3 Ways to Show Don’t Tell

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Classic advice to beginning fiction writers: Show, Don’t Tell. I taught several sessions to teachers last week and they all nodded. Great advice. But how do you DO that in practical terms? How do you teach students to Show, Don’t Tell?

Show, Don’t Tell: Why?

In the old days of storytelling, it was fine to just say something like this:

The cat was cuddly.

But in today’s fiction, we usually want that fleshed out more. Novels and picture books try to put readers in the immediate situation. Generic or cliched descriptions like that give only a surface experience, rather than the sensation of being in a situation. Of course, sometimes that statement is fine, depending on how much attention you want to give the cat and the fact that it is cuddly. But if the cat is important and its tendency to cuddle even more important, you must do better.

Verbs and Nouns

One hint is to do away with as many “to be” verbs as possible. In our sample sentence the “was” indicates a state of being; instead, we want action.

The calico cat purred in the hammock, snuggled on the couch, and when I slept, she curled on my chest.

My general rule is no modifiers UNTIL I have the most exact verb possible. Get rid of wimpy -ly adverbs, in favor of a precise verb.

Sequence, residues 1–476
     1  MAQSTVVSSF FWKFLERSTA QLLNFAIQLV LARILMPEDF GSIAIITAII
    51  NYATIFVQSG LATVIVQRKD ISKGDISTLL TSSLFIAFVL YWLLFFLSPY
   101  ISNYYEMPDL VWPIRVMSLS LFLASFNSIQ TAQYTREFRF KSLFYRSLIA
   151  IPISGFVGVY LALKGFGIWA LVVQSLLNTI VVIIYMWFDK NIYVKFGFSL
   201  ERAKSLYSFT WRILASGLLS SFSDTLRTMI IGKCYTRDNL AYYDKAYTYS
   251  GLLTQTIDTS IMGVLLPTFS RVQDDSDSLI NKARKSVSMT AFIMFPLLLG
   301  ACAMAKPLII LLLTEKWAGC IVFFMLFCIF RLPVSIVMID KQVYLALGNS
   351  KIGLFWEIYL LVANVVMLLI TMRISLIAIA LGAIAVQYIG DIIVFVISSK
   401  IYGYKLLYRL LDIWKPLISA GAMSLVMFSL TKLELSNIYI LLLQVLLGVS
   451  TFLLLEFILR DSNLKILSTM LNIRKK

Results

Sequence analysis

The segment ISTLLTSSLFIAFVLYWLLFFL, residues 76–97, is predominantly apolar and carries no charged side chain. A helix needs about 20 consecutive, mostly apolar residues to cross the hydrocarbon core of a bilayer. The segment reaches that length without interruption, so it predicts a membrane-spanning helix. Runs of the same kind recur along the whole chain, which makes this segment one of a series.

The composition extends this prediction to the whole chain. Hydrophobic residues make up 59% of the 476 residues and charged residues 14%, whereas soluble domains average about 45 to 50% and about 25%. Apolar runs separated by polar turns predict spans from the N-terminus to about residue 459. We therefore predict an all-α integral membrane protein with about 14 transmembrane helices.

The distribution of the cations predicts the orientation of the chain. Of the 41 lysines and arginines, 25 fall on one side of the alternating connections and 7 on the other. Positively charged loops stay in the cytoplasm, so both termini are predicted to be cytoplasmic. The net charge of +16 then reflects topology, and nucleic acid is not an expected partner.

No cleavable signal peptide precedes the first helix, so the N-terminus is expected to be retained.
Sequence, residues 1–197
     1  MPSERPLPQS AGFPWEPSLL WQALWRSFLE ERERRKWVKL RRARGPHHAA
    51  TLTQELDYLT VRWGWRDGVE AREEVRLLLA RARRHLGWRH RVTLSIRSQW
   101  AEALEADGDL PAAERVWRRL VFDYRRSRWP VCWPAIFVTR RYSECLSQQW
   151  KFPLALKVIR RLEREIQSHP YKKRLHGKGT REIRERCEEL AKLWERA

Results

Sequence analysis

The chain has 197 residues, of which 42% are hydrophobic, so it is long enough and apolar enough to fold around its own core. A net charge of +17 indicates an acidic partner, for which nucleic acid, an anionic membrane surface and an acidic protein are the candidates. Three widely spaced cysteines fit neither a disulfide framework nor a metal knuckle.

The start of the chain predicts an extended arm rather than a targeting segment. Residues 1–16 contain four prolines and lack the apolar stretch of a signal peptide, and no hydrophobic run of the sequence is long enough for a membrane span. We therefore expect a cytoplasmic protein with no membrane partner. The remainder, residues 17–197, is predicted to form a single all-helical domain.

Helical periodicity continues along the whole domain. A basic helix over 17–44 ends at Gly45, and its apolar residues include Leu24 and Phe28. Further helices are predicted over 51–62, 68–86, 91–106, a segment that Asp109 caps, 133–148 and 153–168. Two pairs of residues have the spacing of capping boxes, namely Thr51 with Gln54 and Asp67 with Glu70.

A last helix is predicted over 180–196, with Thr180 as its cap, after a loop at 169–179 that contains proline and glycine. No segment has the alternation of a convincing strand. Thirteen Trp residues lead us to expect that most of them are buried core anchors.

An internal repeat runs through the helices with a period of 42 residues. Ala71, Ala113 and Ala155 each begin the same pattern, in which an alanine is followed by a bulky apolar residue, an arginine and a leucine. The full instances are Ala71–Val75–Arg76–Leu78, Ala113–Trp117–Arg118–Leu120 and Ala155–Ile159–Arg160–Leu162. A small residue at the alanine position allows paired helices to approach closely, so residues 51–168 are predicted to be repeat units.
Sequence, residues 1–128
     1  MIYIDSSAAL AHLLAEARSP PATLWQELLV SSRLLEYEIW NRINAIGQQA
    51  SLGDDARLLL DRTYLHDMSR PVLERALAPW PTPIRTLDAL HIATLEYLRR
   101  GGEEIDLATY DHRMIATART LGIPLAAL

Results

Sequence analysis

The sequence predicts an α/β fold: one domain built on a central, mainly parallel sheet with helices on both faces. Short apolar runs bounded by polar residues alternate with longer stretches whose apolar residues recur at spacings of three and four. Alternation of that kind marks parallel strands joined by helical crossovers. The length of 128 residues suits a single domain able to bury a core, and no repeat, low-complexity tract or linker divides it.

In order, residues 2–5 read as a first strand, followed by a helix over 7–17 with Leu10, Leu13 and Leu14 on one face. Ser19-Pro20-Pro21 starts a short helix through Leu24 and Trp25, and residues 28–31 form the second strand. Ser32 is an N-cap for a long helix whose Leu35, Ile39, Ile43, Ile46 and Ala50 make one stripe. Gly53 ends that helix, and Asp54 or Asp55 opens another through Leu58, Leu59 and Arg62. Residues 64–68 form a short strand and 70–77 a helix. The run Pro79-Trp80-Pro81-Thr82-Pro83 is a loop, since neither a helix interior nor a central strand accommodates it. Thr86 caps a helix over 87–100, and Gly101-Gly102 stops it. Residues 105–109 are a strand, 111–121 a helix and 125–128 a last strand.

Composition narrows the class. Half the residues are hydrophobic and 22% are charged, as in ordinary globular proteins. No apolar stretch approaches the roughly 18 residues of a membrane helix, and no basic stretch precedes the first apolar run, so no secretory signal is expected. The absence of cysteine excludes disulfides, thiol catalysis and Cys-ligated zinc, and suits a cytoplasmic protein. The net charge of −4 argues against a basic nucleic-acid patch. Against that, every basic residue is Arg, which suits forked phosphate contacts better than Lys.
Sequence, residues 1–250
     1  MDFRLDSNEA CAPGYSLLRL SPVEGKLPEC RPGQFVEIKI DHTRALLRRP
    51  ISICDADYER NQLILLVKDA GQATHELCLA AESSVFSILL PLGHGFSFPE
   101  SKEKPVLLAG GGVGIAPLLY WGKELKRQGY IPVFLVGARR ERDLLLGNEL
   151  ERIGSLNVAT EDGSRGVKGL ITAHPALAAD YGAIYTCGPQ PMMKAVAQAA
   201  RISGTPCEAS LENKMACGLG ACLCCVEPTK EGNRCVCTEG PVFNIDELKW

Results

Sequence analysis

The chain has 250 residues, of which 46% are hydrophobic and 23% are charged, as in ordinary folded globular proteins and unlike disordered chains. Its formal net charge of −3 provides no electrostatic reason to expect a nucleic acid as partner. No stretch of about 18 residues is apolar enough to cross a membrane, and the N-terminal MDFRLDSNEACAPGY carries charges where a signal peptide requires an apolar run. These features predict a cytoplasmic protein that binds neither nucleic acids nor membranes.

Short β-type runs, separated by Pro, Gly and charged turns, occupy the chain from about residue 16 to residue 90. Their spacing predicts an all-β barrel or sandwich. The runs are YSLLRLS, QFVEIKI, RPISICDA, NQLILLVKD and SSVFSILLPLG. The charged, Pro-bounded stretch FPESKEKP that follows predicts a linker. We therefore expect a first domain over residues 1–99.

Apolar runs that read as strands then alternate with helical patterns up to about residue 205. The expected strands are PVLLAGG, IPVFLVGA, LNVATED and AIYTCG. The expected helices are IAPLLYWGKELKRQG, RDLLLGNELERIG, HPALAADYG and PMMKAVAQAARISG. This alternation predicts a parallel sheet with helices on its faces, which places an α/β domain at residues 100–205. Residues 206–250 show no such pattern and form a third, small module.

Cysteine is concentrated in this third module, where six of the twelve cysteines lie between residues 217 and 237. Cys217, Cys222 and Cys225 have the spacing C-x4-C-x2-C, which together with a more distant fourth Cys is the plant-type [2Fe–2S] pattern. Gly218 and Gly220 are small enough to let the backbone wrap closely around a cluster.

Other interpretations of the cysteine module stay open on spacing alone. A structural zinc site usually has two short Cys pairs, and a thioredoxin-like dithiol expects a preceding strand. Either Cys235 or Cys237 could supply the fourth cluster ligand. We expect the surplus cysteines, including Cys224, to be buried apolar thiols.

Likewise, use the most exact noun possible. Only then, may you add modifiers. In this case, just naming the type of cat seems enough for me, because the rest of the text does the expansion.
3 WAYS TO SHOW, DONT TELL | DarcyPattison.com

Sensory Details

The information that we, as humans, receive from our senses can be used to revitalize tired prose. What you see, hear, taste, smell and touch (temperature, texture and kinesthetic) should be included whenever possible. Visual details are the easiest and most common to add. Fine. Use them. But try to add at least one or two other senses to your prose.

The calico cat purred in the hammock, snuggled warm on the couch, and when I slept, she curled on my chest and her soft fur tickled my chin.

Dialogue

Finally, you can often turn a flat narrative into dialogue, thus bringing to life the situation. The problem here is to make the dialogue dynamic. You don’t want to go into long monologues when snippets will do.

I dangled my hand. “Come.” Obedient, the calico cat leapt into the hammock and settled down to purr. Later, when I watch TV, she snuggled warm against my thigh. And when I slept, she curled on my chest. “Quit tickling,” I murmured and pushed her away from my chin. I’d never had another cat who liked to snuggle as much as this calico.

As you can see, the problem with Show, Don’t Tell is that it adds length to a story. You must weigh the importance of the cat and decide if it is worth the extra space.

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